back to article Data watchdog fines Brit council £120k for identifying 943 owners of vacant property

A London borough has been slapped with a £120,000 fine from the data protection watchdog after unlawfully identifying 943 owners of vacant property in a Freedom of Information (FoI) response. The Information Commissioner fined the Royal Borough of Kensington and Chelsea for breaching the Data Protection Act, after it …

Anonymous Coward

Recycling money?

I always wonder what the real impact of a public body fining another public body is. Isn't this just recycling taxpayer money? If the council has to fork this out of their annual budgets, doesn't this just punish those that pay local council tax since this gets passed onto them or cut out of their slice of the pie? maybe I've misunderstood the logic here...

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Anonymous Coward

Re: Recycling money?

Yes but those poor politicians in central government need all the money they can get to pay off the DUP.

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Re: Recycling money?

1) It is always Other People's Money, even when it is Council Tax-payers money being transferred to income tax-funded state bureaucracies.

2) The ICO recently demonstrated with the Cambridge Analytica fiasco that with with a route map, GPS trackers and 5 satellite positioning they could still not find their posterior with both hands. Therefore the only way that RBKC could be fined is if they reported themselves, which they duly did.

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Re: Recycling money?

....If the council has to fork this out of their annual budgets, doesn't this just punish those that pay local council tax since this gets passed onto them....

When you stop and think about it business just do this same exact thing. They are basically tax collectors and pass any taxes onto their customers. I mean, where do they get the money to pay the added costs? Just like the money will come from the citizens that pay local tax, business do the same.

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Re: Recycling money?

If the council has to fork this out of their annual budgets, doesn't this just punish those that pay local council tax since this gets passed onto them or cut out of their slice of the pie?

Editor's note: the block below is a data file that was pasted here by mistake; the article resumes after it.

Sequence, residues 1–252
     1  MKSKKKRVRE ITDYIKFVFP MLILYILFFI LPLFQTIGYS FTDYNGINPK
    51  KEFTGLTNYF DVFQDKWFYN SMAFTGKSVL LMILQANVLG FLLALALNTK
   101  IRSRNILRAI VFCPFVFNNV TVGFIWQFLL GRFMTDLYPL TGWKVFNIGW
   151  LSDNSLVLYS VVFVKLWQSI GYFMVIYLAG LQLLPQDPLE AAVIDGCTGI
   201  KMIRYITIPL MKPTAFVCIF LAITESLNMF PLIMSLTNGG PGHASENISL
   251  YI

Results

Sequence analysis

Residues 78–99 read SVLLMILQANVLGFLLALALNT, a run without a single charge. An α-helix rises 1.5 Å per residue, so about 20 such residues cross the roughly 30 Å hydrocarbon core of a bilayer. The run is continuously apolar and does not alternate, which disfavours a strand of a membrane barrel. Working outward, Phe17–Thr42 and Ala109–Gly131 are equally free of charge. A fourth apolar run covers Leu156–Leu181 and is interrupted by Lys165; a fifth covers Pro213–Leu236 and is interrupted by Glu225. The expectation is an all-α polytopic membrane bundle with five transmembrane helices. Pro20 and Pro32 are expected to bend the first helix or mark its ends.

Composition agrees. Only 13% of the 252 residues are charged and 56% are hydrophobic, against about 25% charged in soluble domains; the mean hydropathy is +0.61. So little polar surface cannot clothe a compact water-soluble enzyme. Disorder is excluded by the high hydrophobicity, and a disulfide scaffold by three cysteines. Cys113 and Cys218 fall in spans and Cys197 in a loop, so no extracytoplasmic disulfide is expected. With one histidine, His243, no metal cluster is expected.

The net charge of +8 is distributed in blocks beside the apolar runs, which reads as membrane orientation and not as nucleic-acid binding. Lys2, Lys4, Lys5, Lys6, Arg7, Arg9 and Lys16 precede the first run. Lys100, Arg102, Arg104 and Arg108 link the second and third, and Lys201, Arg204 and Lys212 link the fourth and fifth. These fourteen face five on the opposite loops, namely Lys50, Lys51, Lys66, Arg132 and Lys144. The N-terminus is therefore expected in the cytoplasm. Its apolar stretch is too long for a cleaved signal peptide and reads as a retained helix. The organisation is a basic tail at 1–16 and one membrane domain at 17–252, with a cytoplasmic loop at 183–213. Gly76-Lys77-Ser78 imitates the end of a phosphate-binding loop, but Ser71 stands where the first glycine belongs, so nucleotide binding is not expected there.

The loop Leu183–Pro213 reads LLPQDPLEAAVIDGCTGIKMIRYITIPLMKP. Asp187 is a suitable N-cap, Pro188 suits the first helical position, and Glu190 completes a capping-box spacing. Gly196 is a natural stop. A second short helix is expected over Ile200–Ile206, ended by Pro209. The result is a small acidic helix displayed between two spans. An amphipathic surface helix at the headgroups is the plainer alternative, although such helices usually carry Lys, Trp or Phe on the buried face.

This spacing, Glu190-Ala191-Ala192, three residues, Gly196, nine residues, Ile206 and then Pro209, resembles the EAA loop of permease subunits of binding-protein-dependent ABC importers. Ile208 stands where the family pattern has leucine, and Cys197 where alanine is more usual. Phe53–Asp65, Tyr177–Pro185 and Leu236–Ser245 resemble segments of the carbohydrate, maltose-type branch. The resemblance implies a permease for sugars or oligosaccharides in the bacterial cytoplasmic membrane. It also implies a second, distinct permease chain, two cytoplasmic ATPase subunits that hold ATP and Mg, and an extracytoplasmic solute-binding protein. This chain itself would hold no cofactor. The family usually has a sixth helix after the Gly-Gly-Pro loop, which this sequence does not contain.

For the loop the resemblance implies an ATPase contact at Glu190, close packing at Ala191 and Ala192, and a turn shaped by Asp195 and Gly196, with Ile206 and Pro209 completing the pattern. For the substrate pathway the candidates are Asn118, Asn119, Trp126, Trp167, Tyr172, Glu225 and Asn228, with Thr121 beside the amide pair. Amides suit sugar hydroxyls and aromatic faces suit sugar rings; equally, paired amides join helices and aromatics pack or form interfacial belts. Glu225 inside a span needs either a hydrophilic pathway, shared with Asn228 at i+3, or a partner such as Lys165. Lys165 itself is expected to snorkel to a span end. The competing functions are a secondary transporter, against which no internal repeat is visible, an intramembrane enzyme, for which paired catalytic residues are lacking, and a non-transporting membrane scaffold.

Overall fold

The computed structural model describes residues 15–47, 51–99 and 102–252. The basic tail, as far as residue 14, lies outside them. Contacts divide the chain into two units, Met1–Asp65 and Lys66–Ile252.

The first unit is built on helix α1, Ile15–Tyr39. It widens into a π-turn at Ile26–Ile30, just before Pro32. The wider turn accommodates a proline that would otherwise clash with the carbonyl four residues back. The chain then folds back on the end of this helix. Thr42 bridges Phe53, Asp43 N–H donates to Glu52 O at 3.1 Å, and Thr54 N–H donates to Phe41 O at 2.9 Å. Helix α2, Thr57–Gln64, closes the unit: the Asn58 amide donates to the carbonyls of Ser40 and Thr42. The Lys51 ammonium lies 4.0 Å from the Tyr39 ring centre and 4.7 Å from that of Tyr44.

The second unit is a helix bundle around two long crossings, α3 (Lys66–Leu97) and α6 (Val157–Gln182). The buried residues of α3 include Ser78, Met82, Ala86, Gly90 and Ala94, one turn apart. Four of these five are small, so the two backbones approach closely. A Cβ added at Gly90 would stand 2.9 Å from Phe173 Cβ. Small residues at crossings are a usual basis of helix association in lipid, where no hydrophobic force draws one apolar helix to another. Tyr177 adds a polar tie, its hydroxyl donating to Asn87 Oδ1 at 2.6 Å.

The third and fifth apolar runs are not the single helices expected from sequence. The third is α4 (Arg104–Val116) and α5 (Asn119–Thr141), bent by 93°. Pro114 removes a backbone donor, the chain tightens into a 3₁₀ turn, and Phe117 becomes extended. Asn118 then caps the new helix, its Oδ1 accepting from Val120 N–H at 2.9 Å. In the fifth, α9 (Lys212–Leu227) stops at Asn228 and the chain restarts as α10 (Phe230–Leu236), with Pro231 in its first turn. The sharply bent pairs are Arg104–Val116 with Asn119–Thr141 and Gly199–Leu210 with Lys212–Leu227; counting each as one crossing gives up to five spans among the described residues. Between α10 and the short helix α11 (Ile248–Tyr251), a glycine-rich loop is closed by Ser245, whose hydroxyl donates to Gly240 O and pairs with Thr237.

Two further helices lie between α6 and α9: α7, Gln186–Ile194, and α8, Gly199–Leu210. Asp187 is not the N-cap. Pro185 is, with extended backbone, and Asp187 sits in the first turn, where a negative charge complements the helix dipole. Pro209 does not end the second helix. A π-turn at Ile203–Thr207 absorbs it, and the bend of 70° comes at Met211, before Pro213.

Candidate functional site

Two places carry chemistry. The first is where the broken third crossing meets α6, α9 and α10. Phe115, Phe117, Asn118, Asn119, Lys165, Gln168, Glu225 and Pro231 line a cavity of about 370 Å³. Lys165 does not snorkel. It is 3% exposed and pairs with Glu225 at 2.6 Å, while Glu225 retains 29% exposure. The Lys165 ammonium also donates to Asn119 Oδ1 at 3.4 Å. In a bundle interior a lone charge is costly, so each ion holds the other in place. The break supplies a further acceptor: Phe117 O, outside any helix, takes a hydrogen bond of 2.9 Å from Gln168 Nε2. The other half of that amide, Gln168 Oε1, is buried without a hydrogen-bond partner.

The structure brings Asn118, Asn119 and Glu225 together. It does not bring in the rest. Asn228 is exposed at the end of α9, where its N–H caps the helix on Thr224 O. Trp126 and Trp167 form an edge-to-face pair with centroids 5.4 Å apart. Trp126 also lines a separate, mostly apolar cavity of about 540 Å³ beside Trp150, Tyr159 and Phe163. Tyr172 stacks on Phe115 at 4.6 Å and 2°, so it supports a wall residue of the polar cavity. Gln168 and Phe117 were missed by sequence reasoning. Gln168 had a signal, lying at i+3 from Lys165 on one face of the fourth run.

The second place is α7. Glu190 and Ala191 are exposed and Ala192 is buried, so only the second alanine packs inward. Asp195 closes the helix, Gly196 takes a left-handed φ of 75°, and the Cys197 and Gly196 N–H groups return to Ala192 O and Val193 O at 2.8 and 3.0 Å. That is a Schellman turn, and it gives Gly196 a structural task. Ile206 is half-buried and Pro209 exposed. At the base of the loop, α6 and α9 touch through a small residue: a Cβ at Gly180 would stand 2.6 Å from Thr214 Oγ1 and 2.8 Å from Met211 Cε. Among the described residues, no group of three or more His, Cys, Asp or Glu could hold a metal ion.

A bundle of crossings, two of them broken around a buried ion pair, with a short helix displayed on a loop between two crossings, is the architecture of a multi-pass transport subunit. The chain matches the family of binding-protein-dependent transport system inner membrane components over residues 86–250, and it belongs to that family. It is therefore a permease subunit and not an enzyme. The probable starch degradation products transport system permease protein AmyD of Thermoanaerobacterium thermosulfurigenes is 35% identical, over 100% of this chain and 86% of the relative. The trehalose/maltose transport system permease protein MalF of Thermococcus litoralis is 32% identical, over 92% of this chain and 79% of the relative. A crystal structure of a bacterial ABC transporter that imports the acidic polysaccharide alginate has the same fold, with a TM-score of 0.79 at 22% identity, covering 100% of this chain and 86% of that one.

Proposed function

My understanding is that the London Borough of Kensington and Chelsea is sitting on a fair pile of cash, presumably due to the wealth of a number of its residents.

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No, the fine is paid out of the pockets of the guilty council officials.

I wish.

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Anonymous Coward

"No, the fine is paid out of the pockets of the guilty council officials."

But is that 'guilty' person the one who clicked the button, the person who decided proper training wasn't cost effective or necessary, the person who decided security didn't need a person or team specifically focused on it, or...or...or...?

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Re: "No, the fine is paid out of the pockets of the guilty council officials."

void passthebuck(me) {

if (someone.pay > me.pay)

passthebuck(someone)

}

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Re: "No, the fine is paid out of the pockets of the guilty council officials."

Decide that you would need to write a secure app to retrieve this data securely

App would have to be written to NATO security level double-plus-top-ultra-secret and be approved by MI5, GCHQ, MMB and the Dennis the Menace Fan Club

Point out that this would cost "One Million Dollars"

Refuse the FOI request on the grounds that it would be too expensive to comply

Repeat for any and all future FOI requests

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Anonymous Coward

I am shocked !!

we need a Captain Louis Renault icon !!!

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Re: "No, the fine is paid out of the pockets of the guilty council officials."

That will cause a stack overflow in quite a lot of organisations.

Wrap it in while loop that trawls through the management hierarchy, evaluating the outcome as true/false before finally laying the blame?

Just sayin’.

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Re: "No, the fine is paid out of the pockets of the guilty council officials."

I think you got your > and < confused.

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Silver badge

Excel

Thts the problem with people getting too spreadsheet obsessed.

Export your data in a simple text format and this type of data breach woill be spotted (assuming basic competence)

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Re: Excel

Does Excel have an "Export only directly visible data in this view" option, or similar?

"Pivot Tables are Bad for FoI Requests" is the lesson learned here.

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Re: Excel

One could always mash that key marked PRINT SCREEN